About a year ago, a good friend of ours left a bottle of spiced rum at our house, as a gift.
To be honest, neither of us are big cocktail drinkers. And so, the bottle of rum has gathered dust in the cabinet.
But then, as part of the Secret Recipe Club challenge for October, I stumbled across a pumpkin recipe I knew I had to try: drunken pumpkin cake. (At last, the spiced rum will have its day!)
This month for SRC, I was assigned Little Bit of Everything, written by Julie. Julie has been blogging since 2009, and she started her blog as a way to document her journey through her cookbook collection! I love how she keeps a list of the daring recipes she wants to try, because I do the same thing!
I made a lot of changes to Julie’s drunken pumpkin recipe, which was originally a very sweet quickbread. First of all, I have been trying to cut back on sugar, so I knew I would feel a little less guilty if I decreased the sugar by a third and kept all the amazing pumpkin flavor. I was a little nervous about tampering with the ratios of ingredients: baking is a science, and it requires precision! But after doing a good bit of reading and some baking math, I felt confident.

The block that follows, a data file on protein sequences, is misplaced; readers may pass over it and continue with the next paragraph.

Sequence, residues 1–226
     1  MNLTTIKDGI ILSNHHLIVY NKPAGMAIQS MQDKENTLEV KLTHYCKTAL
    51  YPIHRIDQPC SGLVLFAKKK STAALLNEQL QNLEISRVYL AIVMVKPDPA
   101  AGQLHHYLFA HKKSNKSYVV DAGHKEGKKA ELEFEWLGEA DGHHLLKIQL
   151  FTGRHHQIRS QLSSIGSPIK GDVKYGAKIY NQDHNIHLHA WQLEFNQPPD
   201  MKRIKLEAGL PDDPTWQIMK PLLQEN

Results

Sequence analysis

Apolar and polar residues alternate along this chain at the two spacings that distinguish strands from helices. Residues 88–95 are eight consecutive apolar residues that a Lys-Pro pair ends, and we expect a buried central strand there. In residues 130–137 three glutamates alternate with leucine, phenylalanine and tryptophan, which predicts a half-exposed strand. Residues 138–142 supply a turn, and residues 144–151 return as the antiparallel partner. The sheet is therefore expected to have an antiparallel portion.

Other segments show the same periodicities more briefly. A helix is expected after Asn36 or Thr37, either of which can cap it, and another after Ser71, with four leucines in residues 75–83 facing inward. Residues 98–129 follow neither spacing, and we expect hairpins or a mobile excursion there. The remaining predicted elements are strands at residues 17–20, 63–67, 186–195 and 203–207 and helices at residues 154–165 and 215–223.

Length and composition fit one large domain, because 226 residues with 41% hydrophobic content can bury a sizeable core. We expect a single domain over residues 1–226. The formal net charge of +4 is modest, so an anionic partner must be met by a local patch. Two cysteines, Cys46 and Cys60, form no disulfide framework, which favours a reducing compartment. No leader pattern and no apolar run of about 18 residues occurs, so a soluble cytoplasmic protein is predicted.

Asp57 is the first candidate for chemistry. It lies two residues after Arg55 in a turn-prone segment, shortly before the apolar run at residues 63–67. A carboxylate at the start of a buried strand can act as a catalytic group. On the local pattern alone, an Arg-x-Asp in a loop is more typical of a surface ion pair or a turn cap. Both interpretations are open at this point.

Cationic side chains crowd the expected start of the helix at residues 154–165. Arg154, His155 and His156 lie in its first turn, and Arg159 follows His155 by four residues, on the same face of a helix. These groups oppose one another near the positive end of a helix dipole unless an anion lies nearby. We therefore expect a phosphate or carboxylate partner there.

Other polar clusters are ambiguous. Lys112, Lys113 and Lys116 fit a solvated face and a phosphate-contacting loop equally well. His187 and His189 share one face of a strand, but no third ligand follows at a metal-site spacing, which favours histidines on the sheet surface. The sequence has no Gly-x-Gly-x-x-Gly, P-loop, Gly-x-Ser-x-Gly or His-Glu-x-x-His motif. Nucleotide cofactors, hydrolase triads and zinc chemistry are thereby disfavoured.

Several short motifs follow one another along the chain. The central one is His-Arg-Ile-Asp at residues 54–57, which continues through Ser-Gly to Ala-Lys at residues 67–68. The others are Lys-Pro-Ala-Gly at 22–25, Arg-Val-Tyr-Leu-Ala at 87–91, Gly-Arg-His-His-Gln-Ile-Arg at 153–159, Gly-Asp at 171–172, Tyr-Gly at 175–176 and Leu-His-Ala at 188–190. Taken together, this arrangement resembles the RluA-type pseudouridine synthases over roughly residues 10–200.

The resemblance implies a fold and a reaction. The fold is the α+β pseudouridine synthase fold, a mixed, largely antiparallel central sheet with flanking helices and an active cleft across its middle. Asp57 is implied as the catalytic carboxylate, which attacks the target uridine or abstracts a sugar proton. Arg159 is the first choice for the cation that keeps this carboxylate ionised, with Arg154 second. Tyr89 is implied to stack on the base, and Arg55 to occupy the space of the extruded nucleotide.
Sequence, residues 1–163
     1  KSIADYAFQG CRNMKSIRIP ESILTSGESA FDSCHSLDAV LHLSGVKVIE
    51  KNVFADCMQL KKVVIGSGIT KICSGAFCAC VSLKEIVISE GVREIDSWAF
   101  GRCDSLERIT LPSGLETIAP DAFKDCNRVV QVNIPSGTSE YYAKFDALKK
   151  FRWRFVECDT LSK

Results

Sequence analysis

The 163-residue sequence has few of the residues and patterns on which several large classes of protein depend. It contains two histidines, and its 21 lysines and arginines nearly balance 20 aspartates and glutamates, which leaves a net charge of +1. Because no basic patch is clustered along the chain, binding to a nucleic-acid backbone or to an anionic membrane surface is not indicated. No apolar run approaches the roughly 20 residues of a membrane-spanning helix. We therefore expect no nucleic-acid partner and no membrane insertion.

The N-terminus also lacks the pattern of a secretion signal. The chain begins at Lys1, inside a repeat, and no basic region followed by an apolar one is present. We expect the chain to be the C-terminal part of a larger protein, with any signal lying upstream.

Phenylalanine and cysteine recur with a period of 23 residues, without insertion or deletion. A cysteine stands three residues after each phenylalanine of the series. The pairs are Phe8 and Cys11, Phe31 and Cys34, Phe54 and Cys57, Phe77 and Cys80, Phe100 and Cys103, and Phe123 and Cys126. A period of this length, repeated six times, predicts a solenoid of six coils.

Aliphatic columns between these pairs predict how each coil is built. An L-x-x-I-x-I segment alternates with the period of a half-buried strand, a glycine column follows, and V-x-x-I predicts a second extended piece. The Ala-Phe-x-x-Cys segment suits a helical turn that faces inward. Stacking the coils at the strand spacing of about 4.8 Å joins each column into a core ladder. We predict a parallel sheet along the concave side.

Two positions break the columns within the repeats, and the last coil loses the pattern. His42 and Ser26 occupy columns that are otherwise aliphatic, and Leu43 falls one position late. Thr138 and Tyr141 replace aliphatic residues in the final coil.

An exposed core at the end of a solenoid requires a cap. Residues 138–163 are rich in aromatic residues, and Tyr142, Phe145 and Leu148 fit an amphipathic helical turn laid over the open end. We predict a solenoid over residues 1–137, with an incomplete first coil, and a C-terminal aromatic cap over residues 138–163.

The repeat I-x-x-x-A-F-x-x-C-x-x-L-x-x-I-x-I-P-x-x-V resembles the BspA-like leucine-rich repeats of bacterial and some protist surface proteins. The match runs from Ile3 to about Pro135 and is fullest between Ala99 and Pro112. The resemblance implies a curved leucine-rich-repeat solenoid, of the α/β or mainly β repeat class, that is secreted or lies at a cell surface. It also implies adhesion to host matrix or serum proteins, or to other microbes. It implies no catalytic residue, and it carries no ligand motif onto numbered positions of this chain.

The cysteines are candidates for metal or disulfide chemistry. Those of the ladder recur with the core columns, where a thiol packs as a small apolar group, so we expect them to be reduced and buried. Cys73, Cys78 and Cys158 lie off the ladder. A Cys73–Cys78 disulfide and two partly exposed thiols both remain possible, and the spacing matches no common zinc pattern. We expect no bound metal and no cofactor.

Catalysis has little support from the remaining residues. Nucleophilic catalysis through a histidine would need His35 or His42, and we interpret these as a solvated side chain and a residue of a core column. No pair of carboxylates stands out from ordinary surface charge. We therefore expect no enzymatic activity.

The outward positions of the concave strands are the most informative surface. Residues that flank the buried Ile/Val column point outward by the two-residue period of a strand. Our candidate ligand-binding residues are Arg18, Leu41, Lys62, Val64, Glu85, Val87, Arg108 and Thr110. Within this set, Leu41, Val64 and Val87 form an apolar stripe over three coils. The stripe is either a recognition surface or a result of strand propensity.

Second, I wanted to lean into the cakey nature of quickbreads. Quickbreads and cakes are made with nearly identical ingredients, but you add them and mix them in a different order. I prepared this recipe like it was cake, using the creaming method. While I was at it, I figured I might as well turn up the fancy factor, and the cake got a makeover into a spiral Bundt pan. I also gave it a drunken glaze. Yum.
The end result was completely delicious: a moist yet springy cake, much like pound cake, with all the right spice and a punch of dark rum.
So let’s eat some cake!
We are going with the tried-and-true creaming method for mixing our pumpkin Bundt, so start by creaming the butter and sugar together until it is pale and uniform. There is a lot more sugar than butter by volume, so the result will be quite stiff, rather than airy. No worries!
After all the eggs are in and the mixture is even, crank up the speed on your mixer and beat for 2 minutes to aerate. The butter mixture should become very soft and fluffy.